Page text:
6. The cross-court overhand laser

James’ passing doesn’t need a whole lot of plaudits; everyone knows he’s one of the greatest passers we’ve ever seen. The stuff on the move is easy to wow at, but this pass shows his incredible precision on something very useful on a night-to-night basis. He’s able to reverse the court with one swift maneuver, scrambling the defense. The placement on this pass is always just amazing:


7. The Outlet Pass of Doom

AKA “The fastball special.” Get any athletic forward streaking up the floor — heck, get Kyle Korver with a clear path — and James can throw a touchdown. Real question: How many games would the Browns have won this season with LeBron James at quarterback?


8. The 3-Point Ninja Outlet

With all the shooters the Cavs have jammed onto their roster, James is ready and willing to fire these passes straight to the 3-point line for Korver or Love (those two are, for the most part, the only ones he’ll trust with this one):


9. The Chasedown

You know it. You love it. The iconic denial.


He’s added a variation on it, though. Instead of just swatting it off the rim, he’s just catching up, managing space as he jumps parallel, and obliterating the thing. The best part of these is how he waits for these little guards to get into their motion, like here vs. Delly:


10. The Human Battering Ram

James initiates a lot of contact, and often doesn’t get calls because of his size advantage. He gets calls in a lot of other areas superstars are expected to, but when you watch up close, he does take a lot of contact, especially on drives. The reason it’s rarely called is it so often works out worse for the opponent. Watch where the contact is made here (the free throw line), and where the defender ends up (the baseline):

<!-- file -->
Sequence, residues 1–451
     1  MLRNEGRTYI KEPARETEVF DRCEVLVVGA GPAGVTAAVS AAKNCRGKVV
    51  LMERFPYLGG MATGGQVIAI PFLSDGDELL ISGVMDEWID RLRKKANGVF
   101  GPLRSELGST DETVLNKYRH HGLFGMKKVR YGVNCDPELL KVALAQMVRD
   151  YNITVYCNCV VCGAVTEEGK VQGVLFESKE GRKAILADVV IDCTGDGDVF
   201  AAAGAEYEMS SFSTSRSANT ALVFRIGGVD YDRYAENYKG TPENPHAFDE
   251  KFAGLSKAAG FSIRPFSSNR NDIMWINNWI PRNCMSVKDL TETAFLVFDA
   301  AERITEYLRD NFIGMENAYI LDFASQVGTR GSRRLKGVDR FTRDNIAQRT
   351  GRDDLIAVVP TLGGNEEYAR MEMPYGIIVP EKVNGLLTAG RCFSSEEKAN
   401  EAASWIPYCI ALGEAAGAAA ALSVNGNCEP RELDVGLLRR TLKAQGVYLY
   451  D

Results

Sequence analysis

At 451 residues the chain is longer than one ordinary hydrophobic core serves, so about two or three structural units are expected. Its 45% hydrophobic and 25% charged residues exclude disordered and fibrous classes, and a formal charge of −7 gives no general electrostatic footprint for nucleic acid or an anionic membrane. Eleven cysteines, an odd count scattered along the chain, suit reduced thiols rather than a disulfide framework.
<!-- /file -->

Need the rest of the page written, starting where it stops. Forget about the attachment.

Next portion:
11. The Jump Pass

This used to be a huge problem area for James. Circa 2011, James would jump into the air trying to find his Heat teammates and wind up scrambled. Now, with the shooters in Cleveland, he’s always aware of what he can do once airborne, and his turnover rate is lowered as a result:


12. The Pick-and-Pop Reverse

James loves this one with his shooters in Cleveland, specifically. It’s an old trick he started with Chris Bosh in Miami. (And with Zydrunas Ilgausaskas a little bit back in Cleveland the first time.) A simple pick and pop, with the added dimension of sinking the defense with a north-south drive, aided by bouncing it straight backwards instead of turning to find his man, which would give defenders time to rotate:


Korver and Love both make use of his, as both are big enough to screen effectively:


13. The Double-Clutch

James can go up and over defenders, but he’ll go to this move when driving right as a means to get the ball up over larger defenders if his dribble is interrupted, which limits his explosiveness. With the double-clutch, he doesn’t have to leap through the roof to score.


14. The Interior Love Bounce

James has come a long way with Love and in his fourth season with the star forward, is getting him involved more than ever. LeBron loves this wrap-around bounce-pass to Love for the reverse:


He uses it often when Love has position on a smaller opponent:


And the English James can put on it is pretty crazy:


15. The Dagger

And sometimes, James simply decides the game is over.